Britain’s EU referendum campaign almost persuaded me to start believing in — and perhaps honouring — the old gods. Every one of their tricks came into play and I am presently exhausted by their inventions. A week before the vote I bumped into a pro-Brexit friend. With the recent polls showing Brexit with as much as a ten-point lead, was I wrong, I wondered, to have a lift in my heart? No, he assured me. Hours later the Labour MP Jo Cox was killed by a man who appeared to be shouting some kind of nationalist slogan. “That’s that,” I thought.
It is always striking how people use individual gunmen for their own ends. When someone claiming to act in the name of Islam guns down dozens of people (as happened the weekend before Jo Cox’s murder at a gay nightclub in Orlando, Florida) most governments and pundits announce that the attack has nothing to do with Islam and that no community should be tainted by association with the lone gunman. By contrast, whenever a white gunman claiming to act in the name of some neo-Nazi cult guns people down, those same governments and pundits insist that there is in fact a well-spring of hate behind the gunman — a hatred that may be in the hearts of us all. But the fates have finer tricks up their sleeves. What were the chances of a promising, attractive, young female politician campaigning for “Remain” being murdered on the eve of the polls? Huge compared to the chances that her birthday would also fall on the eve of the referendum. So on Wednesday June 22 Trafalgar Square was given over not to a rally for “Remain” or “Leave” but a memorial with careful but clear political undertones. The actress Gillian Anderson read a poem called “I shall stand for love.” Particular emphasis was put on the lines, “I shall stand for love / So that our children are safe / Our friends are sheltered / So that our borders are open.” Sentiments like that, expressed at a time like that, are what cause people to lose judgement or reason and welcome in all manner of furies.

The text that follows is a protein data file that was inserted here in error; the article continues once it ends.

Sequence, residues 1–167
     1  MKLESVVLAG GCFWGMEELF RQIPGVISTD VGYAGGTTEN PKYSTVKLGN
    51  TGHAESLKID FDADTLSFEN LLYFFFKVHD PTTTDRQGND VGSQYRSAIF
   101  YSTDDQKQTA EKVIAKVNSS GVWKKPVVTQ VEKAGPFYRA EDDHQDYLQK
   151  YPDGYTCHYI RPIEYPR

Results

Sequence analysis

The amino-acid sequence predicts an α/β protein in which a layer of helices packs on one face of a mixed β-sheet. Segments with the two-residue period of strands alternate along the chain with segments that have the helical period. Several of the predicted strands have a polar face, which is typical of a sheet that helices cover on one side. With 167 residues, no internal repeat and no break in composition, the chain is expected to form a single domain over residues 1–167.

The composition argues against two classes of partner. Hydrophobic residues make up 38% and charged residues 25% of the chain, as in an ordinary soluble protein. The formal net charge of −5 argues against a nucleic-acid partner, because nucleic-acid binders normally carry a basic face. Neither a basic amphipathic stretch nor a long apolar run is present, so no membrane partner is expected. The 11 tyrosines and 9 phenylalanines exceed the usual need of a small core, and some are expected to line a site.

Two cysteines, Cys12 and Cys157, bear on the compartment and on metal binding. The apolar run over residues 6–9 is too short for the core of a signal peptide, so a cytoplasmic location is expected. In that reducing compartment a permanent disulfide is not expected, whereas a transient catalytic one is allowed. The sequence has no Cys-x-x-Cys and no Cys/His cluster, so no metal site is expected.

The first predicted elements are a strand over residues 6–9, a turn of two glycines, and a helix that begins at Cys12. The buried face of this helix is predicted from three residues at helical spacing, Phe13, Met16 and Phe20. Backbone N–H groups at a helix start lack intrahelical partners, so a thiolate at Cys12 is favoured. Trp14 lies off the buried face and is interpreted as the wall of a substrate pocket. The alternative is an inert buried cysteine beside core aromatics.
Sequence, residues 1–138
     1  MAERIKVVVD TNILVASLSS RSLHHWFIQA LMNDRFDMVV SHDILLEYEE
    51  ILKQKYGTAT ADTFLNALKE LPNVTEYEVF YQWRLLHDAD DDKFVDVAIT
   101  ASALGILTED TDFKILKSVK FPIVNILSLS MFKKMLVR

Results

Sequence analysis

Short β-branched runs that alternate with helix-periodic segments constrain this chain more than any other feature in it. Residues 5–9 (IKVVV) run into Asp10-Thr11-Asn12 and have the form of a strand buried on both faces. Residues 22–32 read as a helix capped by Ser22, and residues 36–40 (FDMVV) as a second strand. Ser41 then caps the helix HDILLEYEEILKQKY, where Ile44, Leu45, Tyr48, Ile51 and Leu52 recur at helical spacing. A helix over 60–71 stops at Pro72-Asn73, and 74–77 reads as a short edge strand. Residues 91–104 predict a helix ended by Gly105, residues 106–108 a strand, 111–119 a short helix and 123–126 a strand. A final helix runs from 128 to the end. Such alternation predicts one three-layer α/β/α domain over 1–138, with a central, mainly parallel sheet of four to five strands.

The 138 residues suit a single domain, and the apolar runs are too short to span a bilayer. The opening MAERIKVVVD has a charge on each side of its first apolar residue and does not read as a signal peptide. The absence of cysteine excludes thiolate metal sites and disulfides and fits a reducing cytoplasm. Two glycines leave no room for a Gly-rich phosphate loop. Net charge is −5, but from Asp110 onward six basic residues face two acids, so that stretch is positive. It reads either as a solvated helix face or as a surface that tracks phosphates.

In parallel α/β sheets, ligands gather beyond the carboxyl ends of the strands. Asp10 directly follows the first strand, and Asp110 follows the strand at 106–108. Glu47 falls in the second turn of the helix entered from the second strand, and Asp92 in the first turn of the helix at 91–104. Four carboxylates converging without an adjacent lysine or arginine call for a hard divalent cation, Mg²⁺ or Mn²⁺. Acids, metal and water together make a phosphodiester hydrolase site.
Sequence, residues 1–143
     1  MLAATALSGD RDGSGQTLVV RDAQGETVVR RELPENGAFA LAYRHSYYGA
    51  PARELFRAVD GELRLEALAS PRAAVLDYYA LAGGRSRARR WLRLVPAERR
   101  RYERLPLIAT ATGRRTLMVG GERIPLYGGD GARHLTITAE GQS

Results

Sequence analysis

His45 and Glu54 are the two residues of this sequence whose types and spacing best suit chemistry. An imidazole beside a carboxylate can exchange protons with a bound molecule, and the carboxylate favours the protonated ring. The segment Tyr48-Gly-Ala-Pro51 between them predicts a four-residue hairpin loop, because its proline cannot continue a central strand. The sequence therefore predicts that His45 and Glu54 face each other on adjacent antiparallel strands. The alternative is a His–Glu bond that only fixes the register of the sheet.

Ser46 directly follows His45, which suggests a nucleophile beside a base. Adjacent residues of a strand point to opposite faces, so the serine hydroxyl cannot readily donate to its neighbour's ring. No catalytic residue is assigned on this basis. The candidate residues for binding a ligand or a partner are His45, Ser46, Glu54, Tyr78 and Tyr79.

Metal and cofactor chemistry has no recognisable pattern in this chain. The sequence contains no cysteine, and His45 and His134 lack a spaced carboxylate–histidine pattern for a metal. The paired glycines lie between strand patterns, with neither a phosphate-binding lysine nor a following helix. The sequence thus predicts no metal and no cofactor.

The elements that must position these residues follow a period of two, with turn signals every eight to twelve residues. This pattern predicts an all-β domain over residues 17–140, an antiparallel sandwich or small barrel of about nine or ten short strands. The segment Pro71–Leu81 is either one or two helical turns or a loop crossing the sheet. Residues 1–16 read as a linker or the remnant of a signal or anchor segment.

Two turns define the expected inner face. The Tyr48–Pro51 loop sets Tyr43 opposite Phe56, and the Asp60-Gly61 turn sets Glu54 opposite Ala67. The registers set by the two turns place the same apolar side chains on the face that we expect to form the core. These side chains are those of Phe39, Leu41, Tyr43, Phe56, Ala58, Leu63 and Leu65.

I have said before that the art of prediction is no such thing. So certain was I that “Remain” would win that I told people in the days before the poll that it was simply a measure of how close we could make it, so Brussels would hear and perhaps even listen. Then on the night itself the gods picked up such carefully crafted rationales and hurled them around, dashing some careers and elevating others.
As I write the markets are fluctuating wildly and we appear to have no government. But perhaps you are reading this in August on a beach, with a settled and distinguished new government in place and the British economy roaring again (as I trust it will). Or perhaps you had to stay at home and are currently burning rubbish for heat and stockpiling water. As ever the Liberal Democrats provide an opportunity to consider the worse plight of others. The news that Clement Freud appears to have been a serial child rapist sends me back to Michael Bloch’s masterly biography of Jeremy Thorpe. There is a photo from 1973 of the ten Liberal MPs. Already this was a rogue’s gallery. There is Thorpe, not yet on trial for conspiracy and incitement to murder. And the vast, gross figure of Cyril Smith, now understood to have been a child-abuser. And here is Clement Freud. Is more to come? There they are, all smiling — the whole world ahead of them and wholly ignorant. How little we mortals know.
One of the genuinely cruellest things to happen during the campaign was the striking down of one of the people most vital to the whole debate. Rodney Leach suffered a stroke while chairing an EU debate shortly after the campaign began. He died a week before the vote. I should think there was nobody who knew more about the EU than him. As with one of his other great causes — a sceptical take on climate change — you had to pinch yourself to remember that someone who knew so much had acquired such knowledge alongside a hugely successful career in business. Now that the country is in a situation that few of us ever imagined, the loss of Rodney — apart from the loss to his family and numerous friends — seems to me the most terrible loss to our nation. We had need of him now.
Two days after the result several hundred of us gathered to remember another great man we have lost. The memorial for George Weidenfeld was in the same room at the V&A where last year we celebrated his 95th birthday. As well as speeches and tributes it was an evening of the finest music: Bach, Beethoven, Brahms and Chopin. Several speakers asked what George would have thought of the result. They agreed he would have analysed the causes (weak leadership across the EU) and then swiftly said, “Now — how do we save Europe?” It behoves us all to ask the same